Tuesday, January 26, 2010

Gaming the Selloff with Put Ratio Spreads

With the massive selling drying up a tad over the last two days and the SPX catching a bid, we've seen the VIX move predictably lower. So far so good for any one that chose to short volatility into the spike on Friday.

Speaking of fading the VIX- what types of strategies could a trader use when betting on a declining VIX?

If you were comfortable with the nuances of futures, you could certainly look to short VXX or enter bearish VIX option plays. For those reticent to try their hand at these more complex products, how about keeping it simple and playing with options on the SPY? There are quite a few short volatility strategies to choose from depending on your outlook.

In Adam Warner's recent post, Bernanke Ultimatum...And Some Skew, he mentioned a few observations from Ticonderoga Securities regarding the volatility skew that has arisen in various ETF options including the SPY. As mentioned in Volatility Skew and Ratio Spreads, vol skew occurs when further OTM put options trade at higher vol levels than ATM put options. To exploit the skew, Ticonderoga Securities suggested initiating a risk reversal by selling an OTM put option and simultaneously purchasing an OTM call option. While the risk reversal is a legit way to take advantage of the pumped up put options, what if a trader is unwilling to make a bullish bet? Any other short vol strategies that do well even if the SPY drops a bit further?

How about the good 'ole 1x2 put spread-

Take a look at the following SPY option chain paying close attention to the IV (implied vol) column. Notice how IV increases as the puts move further OTM. We could construct a 1 x 2 put spread by purchasing the Feb 104 put for $1.11 and selling two Feb 101 puts for $.67.

[Source: EduTrader]

The beauty of having a risk graph is you can play around with different strike prices and see the effect it will have on your risk-reward. I simply chose the Feb 104 and 101 puts as an example. If you wanted to receive more credit you could either tighten up the spread by decreasing the distance between the strikes (i.e. buy 104, sell 103) or by using higher strike puts.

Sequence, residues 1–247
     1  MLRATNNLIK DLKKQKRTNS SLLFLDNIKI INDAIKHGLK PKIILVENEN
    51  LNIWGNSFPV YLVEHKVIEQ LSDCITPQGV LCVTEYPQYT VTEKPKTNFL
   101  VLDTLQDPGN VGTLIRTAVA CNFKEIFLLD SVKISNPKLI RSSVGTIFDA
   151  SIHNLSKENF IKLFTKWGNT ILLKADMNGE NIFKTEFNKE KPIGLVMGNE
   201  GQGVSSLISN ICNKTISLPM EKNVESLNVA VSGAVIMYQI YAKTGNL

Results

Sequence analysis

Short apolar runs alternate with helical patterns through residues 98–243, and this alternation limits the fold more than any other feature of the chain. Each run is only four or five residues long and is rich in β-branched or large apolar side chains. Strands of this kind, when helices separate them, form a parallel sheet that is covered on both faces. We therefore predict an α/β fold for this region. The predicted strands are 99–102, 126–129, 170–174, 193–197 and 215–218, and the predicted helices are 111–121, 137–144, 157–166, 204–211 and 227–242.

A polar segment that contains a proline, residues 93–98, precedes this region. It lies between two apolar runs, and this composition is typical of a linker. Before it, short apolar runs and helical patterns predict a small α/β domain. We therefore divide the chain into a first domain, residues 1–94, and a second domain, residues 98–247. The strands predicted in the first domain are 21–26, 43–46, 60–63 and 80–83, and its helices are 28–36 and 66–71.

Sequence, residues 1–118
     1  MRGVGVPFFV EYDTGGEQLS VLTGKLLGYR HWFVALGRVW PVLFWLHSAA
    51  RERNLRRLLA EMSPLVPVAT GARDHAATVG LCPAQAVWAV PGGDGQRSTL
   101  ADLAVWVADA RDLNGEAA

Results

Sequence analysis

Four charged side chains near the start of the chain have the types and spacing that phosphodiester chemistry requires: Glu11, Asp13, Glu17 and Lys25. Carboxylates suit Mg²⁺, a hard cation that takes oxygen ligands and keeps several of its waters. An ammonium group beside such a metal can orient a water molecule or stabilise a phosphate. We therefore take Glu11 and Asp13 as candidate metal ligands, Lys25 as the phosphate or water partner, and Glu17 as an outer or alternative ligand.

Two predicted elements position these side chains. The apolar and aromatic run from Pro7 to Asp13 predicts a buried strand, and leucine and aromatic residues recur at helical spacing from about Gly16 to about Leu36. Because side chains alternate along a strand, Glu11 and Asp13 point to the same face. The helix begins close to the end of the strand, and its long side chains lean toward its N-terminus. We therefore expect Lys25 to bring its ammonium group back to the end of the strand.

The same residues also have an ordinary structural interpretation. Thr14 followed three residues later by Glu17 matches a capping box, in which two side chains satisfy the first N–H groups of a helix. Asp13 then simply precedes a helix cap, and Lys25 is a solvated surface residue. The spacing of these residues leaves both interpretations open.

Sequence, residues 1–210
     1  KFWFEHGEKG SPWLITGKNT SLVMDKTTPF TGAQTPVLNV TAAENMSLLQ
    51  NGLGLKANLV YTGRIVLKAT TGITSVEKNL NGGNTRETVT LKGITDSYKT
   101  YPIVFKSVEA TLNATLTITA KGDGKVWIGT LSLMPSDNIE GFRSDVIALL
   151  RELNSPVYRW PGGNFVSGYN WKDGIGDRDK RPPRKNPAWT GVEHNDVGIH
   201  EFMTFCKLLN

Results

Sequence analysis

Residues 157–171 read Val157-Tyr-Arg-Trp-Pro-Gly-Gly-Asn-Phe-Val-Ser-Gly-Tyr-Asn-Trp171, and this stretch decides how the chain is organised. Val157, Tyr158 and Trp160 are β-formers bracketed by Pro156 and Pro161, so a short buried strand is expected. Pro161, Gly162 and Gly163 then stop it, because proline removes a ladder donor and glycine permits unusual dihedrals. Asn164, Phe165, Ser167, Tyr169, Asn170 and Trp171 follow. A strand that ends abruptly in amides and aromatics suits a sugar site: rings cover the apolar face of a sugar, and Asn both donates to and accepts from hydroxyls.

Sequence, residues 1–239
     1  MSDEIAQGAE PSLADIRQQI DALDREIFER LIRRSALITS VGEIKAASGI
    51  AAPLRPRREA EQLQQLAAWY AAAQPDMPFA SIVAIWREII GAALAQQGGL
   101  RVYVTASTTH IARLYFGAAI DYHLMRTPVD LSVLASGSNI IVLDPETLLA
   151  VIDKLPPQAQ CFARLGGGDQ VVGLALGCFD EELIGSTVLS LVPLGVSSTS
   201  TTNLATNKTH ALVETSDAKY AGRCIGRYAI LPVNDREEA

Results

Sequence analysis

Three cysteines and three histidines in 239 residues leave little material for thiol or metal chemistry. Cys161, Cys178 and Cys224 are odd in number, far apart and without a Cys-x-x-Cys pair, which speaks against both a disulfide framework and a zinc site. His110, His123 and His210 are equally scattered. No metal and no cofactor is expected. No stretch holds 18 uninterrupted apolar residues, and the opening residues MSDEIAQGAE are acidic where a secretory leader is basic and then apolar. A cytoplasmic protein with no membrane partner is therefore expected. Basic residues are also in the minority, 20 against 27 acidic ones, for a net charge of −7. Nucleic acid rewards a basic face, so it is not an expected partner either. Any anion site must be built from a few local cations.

The ideal scenario would be the SPY drift lower and reside around the short strikes (101) at expiration. The downside risk lies in the fact that you're shorting naked puts. While you want the underlying to move lower, if the decline in price gets too out of hand the losses can start to mount.


Tim Justice said...


Great Post!

You got me so interested with the ratio spread that I went and messed with risk graphs for a half hour looking at different constructions....I think a pure volatility play I'd rather use options in further out exp months....after factoring for a 3% volatility drop it looked like I had a better profit window and breakevens using options for June instead of Feb (and that's based on the same exiting target on the 19th of Feb which is expiration date.)

Do you have any guidelines on how you select strikes and months? How do you know to cut the trade out on a loss?

Just curious now....I'm going to get to work on this model


Tim Justice


Tyler Craig said...

Hey Tim,

I've never really played much with further months, but based on what your saying it certainly seems like it may be a better option.

I typically choose strikes based off of how much credit I'm receiving and my outlook on the stock. So, it's kind of a case by case basis. If I'm more neutral to bullish I prefer to receive enough credit to make it worthwhile if the stock doesn't fall in value. If I'm more bearish, I don't mind receiving less credit since the stock may have a better chance to fall into the ideal profit zone.

As for stop losses, I haven't really had any go against me yet so I don't really have any experience of what works best.

At worst, I'm sure I'd bail before the short puts went ITM. I've yet to decide on ONE method, but have thought about just keeping it simple and bailing if I lose a certain percentage.

Jon & Gari said...

Interesting article and good food for thought.
I have yet to do a lot of these, but am inclined to say a simple percentage stop loss may be the way to go. My attempts to "fix" these with delta hedging have been a study in compromise. I end up trading to make half as much and what's the sense in that?
I will be paying closer attention to OTM vs. ATM volatility from now on; thanks for the eye-opener.

Tyler Craig said...

Yeah, sometimes you end up spinning your wheels and racking up commission when delta hedging. The 1x2 spread I highlighted has such a wide range of profit, I'd almost just chuck the trade if the market drops too much. The way the trade is setup, it pretty much takes care of itself as time passes.

If you decide to take the delta hedging route, your almost forced to start micromanaging everything.